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Grin and beer it

I am not a beer drinker. In fact, most vegetarians that I know are not big on alcohol. I’m not sure why, but the two traits seem pretty highly correlated. In any case, this post (helpfully dictated by my non-vegetarian, alcohol-drinking husband Derek) is for the rare beer-loving vegetarian in Saarbruecken, and the beer-loving non-vegetarian ex-pats that read my blog. Continue Reading »

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I’m looking for baby swimming classes near Saarbruecken, and I’ve compiled a table listing all the courses that I’ve found so far. I haven’t tried any of the courses myself, but I asked other people about their experiences, and their comments are given below. Continue Reading »

A friend told me that a new gourmet grocery store and restaurant opened up in Halbergstr. across from Lidl. I went by a few weeks ago, surprised to discover that Fridel (a pun on Fidel Castro / Gastro perhaps??) is actually a small Globus outpost, with lots of Al Natura products. The “restaurant” is actually a bunch of stations, i.e., a salad station, a pizza station, etc. The food looked way below par. Not gourmet at all. For the most part the grocery selection was no different than you could get anywhere else, but there were a few items of note:

  • a vegan section, including Vegenaise, vegan salad dressings like thousand island, Daiya vegan cheese, and a large selection of Tofurkey deli “meat” and vegan sausages, each packet of sausages costing about 5 to 6 euros. They also carry Al Natura brand veggie sausages.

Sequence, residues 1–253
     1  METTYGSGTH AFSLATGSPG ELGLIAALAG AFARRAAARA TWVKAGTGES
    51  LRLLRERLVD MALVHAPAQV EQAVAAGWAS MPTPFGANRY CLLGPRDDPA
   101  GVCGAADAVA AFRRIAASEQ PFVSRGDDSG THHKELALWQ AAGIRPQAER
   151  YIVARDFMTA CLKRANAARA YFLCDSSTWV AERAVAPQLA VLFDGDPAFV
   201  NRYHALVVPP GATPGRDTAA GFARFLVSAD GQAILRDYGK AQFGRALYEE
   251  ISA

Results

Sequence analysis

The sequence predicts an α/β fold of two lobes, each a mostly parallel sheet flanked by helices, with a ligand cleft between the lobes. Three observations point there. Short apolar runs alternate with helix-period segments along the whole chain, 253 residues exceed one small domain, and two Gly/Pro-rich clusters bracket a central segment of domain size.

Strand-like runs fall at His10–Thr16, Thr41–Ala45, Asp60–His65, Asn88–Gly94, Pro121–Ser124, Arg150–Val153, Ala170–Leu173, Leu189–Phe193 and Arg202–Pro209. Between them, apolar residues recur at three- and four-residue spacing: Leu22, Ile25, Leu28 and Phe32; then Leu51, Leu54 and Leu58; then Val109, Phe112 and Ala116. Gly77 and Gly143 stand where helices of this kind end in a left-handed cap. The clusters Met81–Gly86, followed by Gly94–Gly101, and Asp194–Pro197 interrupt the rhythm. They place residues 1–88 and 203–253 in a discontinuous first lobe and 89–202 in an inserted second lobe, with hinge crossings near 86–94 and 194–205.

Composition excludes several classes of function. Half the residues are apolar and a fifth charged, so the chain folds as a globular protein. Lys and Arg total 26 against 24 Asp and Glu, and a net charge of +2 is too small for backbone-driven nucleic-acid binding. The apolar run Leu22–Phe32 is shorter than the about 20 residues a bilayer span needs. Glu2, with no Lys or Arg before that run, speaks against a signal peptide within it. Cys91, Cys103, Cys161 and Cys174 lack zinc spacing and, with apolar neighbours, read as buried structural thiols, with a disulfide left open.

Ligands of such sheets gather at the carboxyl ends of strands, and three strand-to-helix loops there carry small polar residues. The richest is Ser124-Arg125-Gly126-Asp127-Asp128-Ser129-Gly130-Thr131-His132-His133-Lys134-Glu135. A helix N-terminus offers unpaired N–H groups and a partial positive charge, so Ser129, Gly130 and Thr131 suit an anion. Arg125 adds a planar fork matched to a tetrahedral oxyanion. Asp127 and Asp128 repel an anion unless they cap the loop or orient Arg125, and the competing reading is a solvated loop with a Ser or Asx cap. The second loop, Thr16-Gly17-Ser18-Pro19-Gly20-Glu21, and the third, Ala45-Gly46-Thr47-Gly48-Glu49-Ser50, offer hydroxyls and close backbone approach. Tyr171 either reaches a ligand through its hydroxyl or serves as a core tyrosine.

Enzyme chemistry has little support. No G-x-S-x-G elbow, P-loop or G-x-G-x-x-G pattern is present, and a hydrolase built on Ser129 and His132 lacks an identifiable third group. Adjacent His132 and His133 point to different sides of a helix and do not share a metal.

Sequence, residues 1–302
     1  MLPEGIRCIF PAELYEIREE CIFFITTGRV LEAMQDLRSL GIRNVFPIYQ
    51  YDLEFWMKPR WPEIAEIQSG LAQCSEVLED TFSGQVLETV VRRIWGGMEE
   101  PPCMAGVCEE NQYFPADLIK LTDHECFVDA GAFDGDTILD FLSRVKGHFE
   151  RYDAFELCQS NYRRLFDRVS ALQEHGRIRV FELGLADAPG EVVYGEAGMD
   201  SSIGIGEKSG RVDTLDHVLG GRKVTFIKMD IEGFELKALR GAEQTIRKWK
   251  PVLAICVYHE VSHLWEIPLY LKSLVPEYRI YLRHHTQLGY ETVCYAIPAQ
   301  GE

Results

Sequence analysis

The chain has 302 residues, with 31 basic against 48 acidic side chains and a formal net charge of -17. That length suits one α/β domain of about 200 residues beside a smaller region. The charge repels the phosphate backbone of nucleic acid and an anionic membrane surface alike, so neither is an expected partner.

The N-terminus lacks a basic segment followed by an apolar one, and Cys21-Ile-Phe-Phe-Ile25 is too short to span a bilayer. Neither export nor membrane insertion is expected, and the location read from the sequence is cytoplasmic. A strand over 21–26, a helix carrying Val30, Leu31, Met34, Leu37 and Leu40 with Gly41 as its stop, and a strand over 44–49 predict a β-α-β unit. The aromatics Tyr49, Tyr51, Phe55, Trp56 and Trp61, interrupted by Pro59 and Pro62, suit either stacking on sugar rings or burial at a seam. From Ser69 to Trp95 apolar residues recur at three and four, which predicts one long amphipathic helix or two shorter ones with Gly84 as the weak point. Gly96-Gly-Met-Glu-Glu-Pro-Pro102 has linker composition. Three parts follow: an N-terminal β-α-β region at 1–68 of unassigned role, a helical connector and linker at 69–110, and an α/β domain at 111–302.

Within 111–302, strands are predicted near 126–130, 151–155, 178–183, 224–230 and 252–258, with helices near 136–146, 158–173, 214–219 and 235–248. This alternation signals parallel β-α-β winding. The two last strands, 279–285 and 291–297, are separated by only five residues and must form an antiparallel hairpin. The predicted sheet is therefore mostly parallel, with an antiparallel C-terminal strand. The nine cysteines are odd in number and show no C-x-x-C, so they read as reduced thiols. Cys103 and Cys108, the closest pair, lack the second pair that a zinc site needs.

• some “ethnic” sections with things like seaweed snacks from Korea, tamarind paste from India, and hummus (2 euros for 200g).
  • a large selection of Al Natura products, including fresh organic produce. The prices are better than at Martinshof or the Biofrischmarkt, but are similar to what you’d find at Rewe/Edeka, and more than at Lidl/Netto/Aldi.
  • various “Globus Gold” brand products, including wild rice and Camargue red rice, which I’ve tried and liked (but it’s not cheap, at 2 euros for 250g).

The store supposedly has a handicapped / stroller lift, but it wasn’t working when I was there the second time, and the first time it made so much noise and was so slow that I decided to carry my stroller and sleeping baby up the many steps rather than try to use the lift.

I happened to be walking down Johannisstr, and noticed that what used to be the Russian restaurant Maxim is now a Korean restaurant Gu Xiang. Derek and I stopped in for dinner last week, and we were the only ones there. They started us out with a complimentary bowl of seaweed salad, bean sprout salad, and kimchi. It was reasonably tasty.

There are only three vegetarian dishes on the menu — Bi Bim Bap, beansprout soup, and tofu teriyaki bento. I was in the mood for tofu so I ordered the teriyaki bento, spicy. It turned out that it was just a pretty typical Chinese-style greasy, salty stir-fry, without much spice or anything distinctively Korean about it.  We asked for something spicy to add to the food, and they brought us a bowl of Korean chili flakes that were both sweet and oily. They weren’t that hot, but they added flavor, improving the dish a lot. Still, I wouldn’t order it again.

I would go back to try the bi bim bap, and the owner said they can also make other dishes vegetarian, like the fried noodle dish. But I’m guessing any of the fried dishes are going to be similar to what I had — greasy, salty, and just not that flavorful.

Derek got one of the Korean stews (Eintöpfe), and he said it was okay, but pretty one-note. He liked it better with the Korean chili flakes added, but he said he wouldn’t get it again.

They’re open every day, 11 – 14:30 and 6pm – 1am.

Addres: Johannisstr. 27, 66111 Saarbruecken
Telephone: 0681 / 688 90 361

With Deutsche Bahn striking so often these days, some students at work sent out some helpful links for determining whether your train is actually running. I’m posting the links here, along with their notes.

This is the traditional search tool, which lists all scheduled trains, including ones that are cancelled (due to strikes, accidents, or for any other reason): http://www.bahn.de/reiseauskunft

This is the “live search” tool, which lists only those trains that are actually running. It’s supposed to be accurate for around 12 hours into the future: http://www.bahn.de/liveauskunft